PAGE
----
Health Industry Cybersecurity Practices: Managing Threats and Protecting Patients

A publication of the Cybersecurity Act of 2015, Section 405(d) Task Group

HITEQ Center 0 28933

The HIPAA Security Rule establishes the requirements for protection of electronic patient health information. The safeguards identified are made up of three domains that include administrative, physical, and technical safeguards that need to be addressed. The technical safeguards as defined within 45 CFR §164.312 of the HIPAA Security Rule can be some of the most difficult to comprehend and implement for smaller Health Centers with lower levels of IT and security staffing. Resources and tools that help Health Centers better process and implement these security requirements are much needed and require well-documented methods for planning and maintaining critical security controls.

Security Risk Assessment Overview Presentation and Templates for Health Centers

A HITEQ Privacy & Security Resource - October 2018 updates for the ONC SRA tool

Anonym 0 39286

To successfully attest, providers must conduct a security risk assessment (SRA), implement updates as needed, and correctly identify security deficiencies. By conducting an SRA regularly, providers can identify and document potential threats and vulnerabilities related to data security, and develop a plan of action to mitigate them.

Creating and Managing Strong Passwords at Your Health Center

Guidance in relation to updated NIST security requirements and HIPAA

HITEQ Center 0 44256

Is it acceptable/recommended for health centers to adopt the new password policy guidelines under NIST Special Publication 800-63B and will that still uphold the HIPAA security rule? This question had been posed to the HITEQ Center asking whether we had any guidance or recommendations on implementing the new NIST Guidelines regarding password security.  New Digital Identity Guidelines under NIST Special Publication 800-63-B presents new guidelines regarding password security that are much more user-friendly and consequently more likely to be observed by health center staff since constantly changing, complex password on multiple systems can be a source of frustration for the end user. 

Health IT Privacy & Security Skill Sets

The Importance of Information Security for all Health Center Staff

Since 2010, the healthcare industry has seen a remarkable increase in the use of technology in the administration and delivery in healthcare. This has led to a mass migration of data from paper charts and isolated systems to Electronic Medical Records (EMRs) and interconnected systems that transmit patient health and financial information across trusted and untrusted networks. While this has been a boon for the industry in its ability to provide timely information to those who need it the most, this transition has introduced a great deal of risk to the confidentiality and integrity of the information. Coupled with the fact that the information can be quickly monetized by criminals through insurance fraud and identity theft, the ecosystem is target-rich.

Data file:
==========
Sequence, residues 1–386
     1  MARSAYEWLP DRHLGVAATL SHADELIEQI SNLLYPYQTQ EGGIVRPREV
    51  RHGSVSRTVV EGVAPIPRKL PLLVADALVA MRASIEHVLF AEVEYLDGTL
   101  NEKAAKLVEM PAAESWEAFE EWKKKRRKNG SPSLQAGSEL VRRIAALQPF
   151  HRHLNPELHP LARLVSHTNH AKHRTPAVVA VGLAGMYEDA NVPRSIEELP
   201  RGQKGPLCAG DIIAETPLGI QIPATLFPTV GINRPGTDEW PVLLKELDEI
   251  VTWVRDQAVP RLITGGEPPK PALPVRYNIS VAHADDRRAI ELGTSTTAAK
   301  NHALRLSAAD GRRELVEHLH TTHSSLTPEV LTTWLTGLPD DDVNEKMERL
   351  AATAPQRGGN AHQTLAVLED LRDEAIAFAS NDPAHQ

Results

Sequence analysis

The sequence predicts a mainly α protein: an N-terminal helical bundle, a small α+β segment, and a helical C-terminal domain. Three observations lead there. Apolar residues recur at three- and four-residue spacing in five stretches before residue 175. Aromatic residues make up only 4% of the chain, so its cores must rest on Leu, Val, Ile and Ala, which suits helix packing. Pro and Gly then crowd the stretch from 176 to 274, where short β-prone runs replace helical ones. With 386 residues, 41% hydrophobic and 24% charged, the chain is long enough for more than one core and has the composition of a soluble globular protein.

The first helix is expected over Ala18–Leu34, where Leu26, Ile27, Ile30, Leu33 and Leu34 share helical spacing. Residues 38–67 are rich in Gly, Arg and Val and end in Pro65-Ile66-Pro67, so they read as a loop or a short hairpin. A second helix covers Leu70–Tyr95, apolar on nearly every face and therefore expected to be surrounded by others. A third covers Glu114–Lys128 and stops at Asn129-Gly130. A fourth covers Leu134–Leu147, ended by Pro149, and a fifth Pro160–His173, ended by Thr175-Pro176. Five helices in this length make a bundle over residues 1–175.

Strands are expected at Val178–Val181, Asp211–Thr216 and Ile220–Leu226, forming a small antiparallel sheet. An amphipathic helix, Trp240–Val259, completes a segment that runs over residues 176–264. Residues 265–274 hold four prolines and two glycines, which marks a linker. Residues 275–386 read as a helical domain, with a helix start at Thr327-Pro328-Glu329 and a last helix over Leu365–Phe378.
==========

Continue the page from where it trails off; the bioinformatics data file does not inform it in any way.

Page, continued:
Security Risk Analysis Toolkit

A resource from the Office of the National Coordinator

HITEQ Center 0 22095

A well-done security risk assessment (SRA) will identify security vulnerabilities across the breadth of a healthcare organization's health information systems. Factors will include policy, organizational and technical related requirements to privacy and security measures. ONC, in recognizing the complexity of this task for small to medium healthcare providers developed a toolkit to assist in conducting SRAs.

Encrypting Data at Rest on Servers

Implications for Health Centers

HITEQ & HLN Consulting 0 28213

It is common practice today to encrypt data at rest, that is, data stored on servers. This is especially applicable to health centers who are less frequently actively transporting data across disparate networks. Like many smaller healthcare organizations, Health Centers are particularly vulnerable to potential attack and infiltration by data hackers for several reasons: they tend to have fewer technical support staff, resource limitations make it harder to assess, implement, and maintain safe data practices, and organizational inertia limits preventive action when no threat is perceived. 

How to Establish an Ongoing Security Program and Meet Meaningful Use Requirements for Security Risk Analysis

An SRA brief for Health Centers

HITEQ Center 0 13128

In order to comply with the Security Rule of the Health Insurance Portability and Accountability Act (HIPAA), you need to maintain an ongoing security program. The HIPAA Security Rule mandates security standards to safeguard electronic protected health information (ePHI) maintained by electronic health record (EHR) technology, with detailed attention to how ePHI is stored, accessed, transmitted, and audited. This rule is different from the HIPAA Privacy Rule, which requires safeguards to protect the privacy of protected health information (PHI) and sets limits and conditions on the use and disclosure of PHI.